Part II of III

The Heart of a Survivor: Playing Bad Cards With Strong Hands

Ingenuity helps a double amputee resume a normal life after tragedy. Be advised: This article discusses violent sexual assaults. Part II of III.


If you see Mary McGriff shopping at Key Center Food Market and ask what happened to her hands, she’ll tell you more than you probably wanted to know.

“I got my arms chopped off by a serial killer.”

The poignant answer catches people off-guard, and most ask if she’s joking.

No. She’s not.

But after that fateful night in Sept. 1978, she likely can use her “new hands” as well as most people use theirs.

Nearly 45 years ago in Berkeley, California, the former Mary Vincent, 15-years-old at the time, accepted a ride from an older man while she was hitchhiking to visit her grandpa near Los Angeles. What followed was a night of rape and torture that ended with her attacker, 51-year-old Lawrence Singleton, chopping off both her arms below the elbow with a butcher knife and leaving her for dead down a 30-foot ravine somewhere outside of Modesto.

Incredibly, she was able to crawl out and hike three miles naked and covered in blood to find help. Her attacker was caught nearly two weeks later thanks to her account, and sentenced to 14 years in prison. He was released for good behavior after only serving eight.

Singleton allegedly killed more than a dozen women in his lifetime, but the only one on his record is the 1997 murder of a Florida woman when he lived in Tampa. McGriff'’s testimony against Singleton, along with her following advocacy and legislative work against rapists and child molesters, is said to have helped others from suffering a similar fate as her.

McGriff recovered in the hospital for a month after the attack and was quickly fitted with prosthetic arms. Technology being what it was in the 1970s, her prosthetics weren’t anything fancy, but it was enough to make a statement when she pointed at her attacker during his trial less than six months later.

Her new arms were functional, but not too practical. What from faraway look like hooks are actually curved metal pincers, each working like oversized tweezers. McGriff was limited to just moving them up and down. As an active teenager with tons of hobbies, her hands were her life. She didn’t want the lack of technology standing in her way of doing what she loved to do. She needed her hands to rotate and be flexible. So she took it upon herself to make improvements to her prosthetics.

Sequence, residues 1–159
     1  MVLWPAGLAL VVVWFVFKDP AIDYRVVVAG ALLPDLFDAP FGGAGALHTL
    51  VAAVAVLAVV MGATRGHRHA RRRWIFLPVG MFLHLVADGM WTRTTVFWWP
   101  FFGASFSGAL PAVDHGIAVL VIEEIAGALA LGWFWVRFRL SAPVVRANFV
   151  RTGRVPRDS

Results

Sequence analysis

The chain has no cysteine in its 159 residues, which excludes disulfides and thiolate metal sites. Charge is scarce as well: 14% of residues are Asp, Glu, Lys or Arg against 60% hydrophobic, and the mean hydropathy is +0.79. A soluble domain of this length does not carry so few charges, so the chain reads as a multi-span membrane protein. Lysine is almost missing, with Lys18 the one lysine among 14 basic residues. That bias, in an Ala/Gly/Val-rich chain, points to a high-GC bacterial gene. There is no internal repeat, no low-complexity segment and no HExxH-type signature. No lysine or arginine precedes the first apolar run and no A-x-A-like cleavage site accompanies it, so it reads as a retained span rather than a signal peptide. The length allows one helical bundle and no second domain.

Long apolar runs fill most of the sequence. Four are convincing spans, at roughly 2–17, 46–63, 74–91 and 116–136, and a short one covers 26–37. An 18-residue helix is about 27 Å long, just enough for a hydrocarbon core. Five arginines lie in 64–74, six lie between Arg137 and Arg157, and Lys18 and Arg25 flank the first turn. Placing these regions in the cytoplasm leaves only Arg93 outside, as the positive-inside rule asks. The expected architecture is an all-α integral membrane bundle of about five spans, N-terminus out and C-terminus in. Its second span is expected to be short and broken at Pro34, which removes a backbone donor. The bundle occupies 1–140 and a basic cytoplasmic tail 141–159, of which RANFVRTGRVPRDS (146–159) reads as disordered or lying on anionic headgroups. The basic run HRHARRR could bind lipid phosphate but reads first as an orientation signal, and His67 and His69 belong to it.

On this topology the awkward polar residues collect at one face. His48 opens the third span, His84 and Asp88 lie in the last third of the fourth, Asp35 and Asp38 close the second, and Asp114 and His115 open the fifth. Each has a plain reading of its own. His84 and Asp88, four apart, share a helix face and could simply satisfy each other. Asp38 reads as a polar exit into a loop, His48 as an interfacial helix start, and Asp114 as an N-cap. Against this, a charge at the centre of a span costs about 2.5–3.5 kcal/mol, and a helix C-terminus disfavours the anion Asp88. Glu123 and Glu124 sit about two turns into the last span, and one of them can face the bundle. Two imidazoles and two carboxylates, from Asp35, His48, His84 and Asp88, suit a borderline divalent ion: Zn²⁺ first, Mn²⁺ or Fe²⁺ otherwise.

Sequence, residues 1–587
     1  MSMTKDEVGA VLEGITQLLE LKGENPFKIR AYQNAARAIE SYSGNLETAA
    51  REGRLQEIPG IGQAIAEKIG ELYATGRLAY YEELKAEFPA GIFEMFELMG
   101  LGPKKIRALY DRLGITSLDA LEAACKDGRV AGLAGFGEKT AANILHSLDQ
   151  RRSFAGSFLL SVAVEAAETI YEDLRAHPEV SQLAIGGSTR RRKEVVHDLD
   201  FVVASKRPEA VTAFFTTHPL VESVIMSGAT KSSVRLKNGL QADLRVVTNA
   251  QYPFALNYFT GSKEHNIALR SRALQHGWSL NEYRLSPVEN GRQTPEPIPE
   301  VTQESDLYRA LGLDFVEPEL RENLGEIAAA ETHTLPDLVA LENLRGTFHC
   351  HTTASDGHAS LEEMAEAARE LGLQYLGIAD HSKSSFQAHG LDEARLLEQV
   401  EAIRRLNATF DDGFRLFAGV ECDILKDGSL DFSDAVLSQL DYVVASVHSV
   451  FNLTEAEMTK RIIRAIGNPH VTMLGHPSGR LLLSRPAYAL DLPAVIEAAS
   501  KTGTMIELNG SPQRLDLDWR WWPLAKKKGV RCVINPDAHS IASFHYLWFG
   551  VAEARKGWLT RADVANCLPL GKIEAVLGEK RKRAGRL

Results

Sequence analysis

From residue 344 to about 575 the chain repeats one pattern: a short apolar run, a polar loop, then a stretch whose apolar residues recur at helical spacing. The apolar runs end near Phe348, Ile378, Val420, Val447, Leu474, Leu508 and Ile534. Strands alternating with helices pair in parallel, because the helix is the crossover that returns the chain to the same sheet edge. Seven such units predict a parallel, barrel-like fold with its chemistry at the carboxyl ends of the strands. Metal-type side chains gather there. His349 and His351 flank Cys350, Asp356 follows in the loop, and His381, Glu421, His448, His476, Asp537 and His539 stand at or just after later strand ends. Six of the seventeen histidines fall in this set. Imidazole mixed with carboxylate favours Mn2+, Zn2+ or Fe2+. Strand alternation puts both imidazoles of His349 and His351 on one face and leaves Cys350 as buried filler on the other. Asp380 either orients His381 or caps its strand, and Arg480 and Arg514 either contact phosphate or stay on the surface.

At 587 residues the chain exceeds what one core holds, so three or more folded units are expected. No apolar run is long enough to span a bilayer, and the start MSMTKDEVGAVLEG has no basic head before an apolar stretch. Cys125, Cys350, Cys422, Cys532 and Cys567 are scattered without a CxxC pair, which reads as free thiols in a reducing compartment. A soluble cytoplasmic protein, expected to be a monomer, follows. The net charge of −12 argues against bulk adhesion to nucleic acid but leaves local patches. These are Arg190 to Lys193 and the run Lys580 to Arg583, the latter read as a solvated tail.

“I come from a family of tinkerers,” McGriff said. She kept going back to the prosthetic place and bringing items with her that she found around the house.

The mechanism from an old slot machine that makes the lever go up and down helps give her the flexibility she needs. She used a disk from the bottom of the dishwasher that allows her hands to rotate. Her arms also have parts from a bike and a stereo.

“And see how I can put it in lock mode to keep it from moving? That’s from clicking a ballpoint pen.”

It’s that type of ingenuity that’s helped give a double-amputee as normal a life as possible. This was a teenager, remember.

What she uses as her arms today is pretty much the same as it was more than 40 years ago.

She said they don’t look like what someone would expect a prosthetic arm to look like in the year 2023, but she wouldn’t change it.

Her design is so unique that prosthetic companies can work with McGriff to make fixes and changes, but they can’t replicate it until she patents the product. That’s something she’s working toward but said a patent costs more than $25,000.

“They’ll never make a prosthetic device that can do more than mine can,” she said. “I love what they’ve done with technology. They have prosthetic arms that look like real arms and hands with fingers that move, but you can’t really lift any weight and you’d look like a Barbie doll.”

McGriff draws, cooks, gardens, drives, does her own makeup and hair, and carries groceries. She’s a skilled pool player and even threw out the first pitch at a San Francisco Giants game in 1999.

Two things she doesn’t do well with: cell phones and computers. “I have so much metal in me and on me. I’ve shut down whole computer systems.”

But other than that, “Anything you can do, I can do,” she said. “I can probably do a lot of things with my hands you can’t do with yours.”

And when people ask her how she takes a shower or uses the bathroom, she takes the opportunity to give a similar snarky response as when she’s offered a helping hand:

“I use soap and water in the shower, and I use toilet paper in the bathroom. Why, how do you do it?”

In the final part of this three-part series, Mary McGriff describes how she turned her darkest days of depression into works of art. She’s sold thousands of drawings and paintings created with her prosthetic arms.